The Hon. the Speaker: Honourable senator, your time has expired. Are you asking for five more minutes?

Senator Dyck: Yes, please.

The Hon. the Speaker: Is leave granted, honourable senators?

Hon. Senators: Agreed.

Senator Dyck: Thank you, senators.

The list enumerated by the government on topics to be dealt with in phase 2 is quite long and far-reaching. Many witnesses expressed very little faith in phase 2 producing further legislative change. While I commend the government for providing more requirements and reporting mechanisms in phase 2, I too am skeptical whether phase 2 will deliver the sweeping changes necessary to address all forms of discrimination in the registration provisions of the Indian Act. As I noted earlier, these women and their descendants have been promised more inclusive changes after further consultations in the past with Bill C-31 and Bill C-3, and no real change materialized. There is no reason to believe that doing the same thing again — consulting again — will lead to a different outcome.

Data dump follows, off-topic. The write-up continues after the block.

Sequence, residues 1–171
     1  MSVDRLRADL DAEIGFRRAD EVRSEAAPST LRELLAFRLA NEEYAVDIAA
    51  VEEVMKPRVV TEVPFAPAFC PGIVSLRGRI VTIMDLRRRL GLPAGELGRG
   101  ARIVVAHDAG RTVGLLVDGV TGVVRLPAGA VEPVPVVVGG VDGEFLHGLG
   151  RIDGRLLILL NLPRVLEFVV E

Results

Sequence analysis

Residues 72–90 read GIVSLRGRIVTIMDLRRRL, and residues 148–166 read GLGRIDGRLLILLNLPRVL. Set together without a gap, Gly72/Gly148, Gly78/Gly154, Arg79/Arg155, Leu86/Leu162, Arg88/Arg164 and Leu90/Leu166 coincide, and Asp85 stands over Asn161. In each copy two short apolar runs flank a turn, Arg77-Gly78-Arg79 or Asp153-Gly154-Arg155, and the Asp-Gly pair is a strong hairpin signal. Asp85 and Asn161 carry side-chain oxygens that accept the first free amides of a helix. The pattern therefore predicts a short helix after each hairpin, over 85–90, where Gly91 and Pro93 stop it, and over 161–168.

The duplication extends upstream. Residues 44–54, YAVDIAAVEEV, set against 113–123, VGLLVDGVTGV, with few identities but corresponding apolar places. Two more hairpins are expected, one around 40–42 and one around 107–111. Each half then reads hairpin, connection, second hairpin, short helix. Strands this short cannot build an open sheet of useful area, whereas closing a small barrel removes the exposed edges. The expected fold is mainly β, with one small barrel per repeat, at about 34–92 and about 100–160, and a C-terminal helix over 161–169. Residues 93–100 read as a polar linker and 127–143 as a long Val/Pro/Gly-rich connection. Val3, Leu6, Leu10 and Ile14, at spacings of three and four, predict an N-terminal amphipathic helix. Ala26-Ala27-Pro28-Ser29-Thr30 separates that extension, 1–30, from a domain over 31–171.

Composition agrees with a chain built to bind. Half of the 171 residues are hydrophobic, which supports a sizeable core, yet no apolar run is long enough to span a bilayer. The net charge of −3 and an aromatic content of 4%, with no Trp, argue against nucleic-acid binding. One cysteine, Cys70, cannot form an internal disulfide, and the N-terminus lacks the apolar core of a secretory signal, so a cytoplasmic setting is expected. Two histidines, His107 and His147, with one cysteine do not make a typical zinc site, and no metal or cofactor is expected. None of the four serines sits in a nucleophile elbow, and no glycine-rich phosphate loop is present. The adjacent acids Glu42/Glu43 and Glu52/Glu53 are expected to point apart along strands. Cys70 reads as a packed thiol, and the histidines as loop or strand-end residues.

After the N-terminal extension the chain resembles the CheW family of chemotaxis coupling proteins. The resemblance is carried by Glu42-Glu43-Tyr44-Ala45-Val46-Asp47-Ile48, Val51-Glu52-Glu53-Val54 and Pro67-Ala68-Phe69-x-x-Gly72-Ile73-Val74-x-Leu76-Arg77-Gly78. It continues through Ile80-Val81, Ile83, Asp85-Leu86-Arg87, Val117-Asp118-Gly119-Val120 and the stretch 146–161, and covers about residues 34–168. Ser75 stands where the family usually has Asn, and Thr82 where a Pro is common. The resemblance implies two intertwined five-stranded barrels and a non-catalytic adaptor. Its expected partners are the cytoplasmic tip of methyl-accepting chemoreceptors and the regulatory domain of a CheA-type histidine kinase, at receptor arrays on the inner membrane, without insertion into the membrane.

Not that long ago, this chamber was seized with Bill C-6, which amended the Citizenship Act. Senator Omidvar, the eloquent and most capable sponsor of this bill, stated in her third reading speech of this bill that, “The nub of the issue is that it seeks to put an end to a law that treats different kinds of citizens differently . . .” She went on to say, “In my pedestrian language: different strokes for different folks.”

Many senators spoke in this chamber about that very issue. Most of us agreed that it was unconscionable, as well as unconstitutional, to treat Canadian citizens differently on the basis of whether they held citizenship in another country as well. The majority of us agreed not to strip Canadian citizenship from dual nationals convicted of a terrorism offence.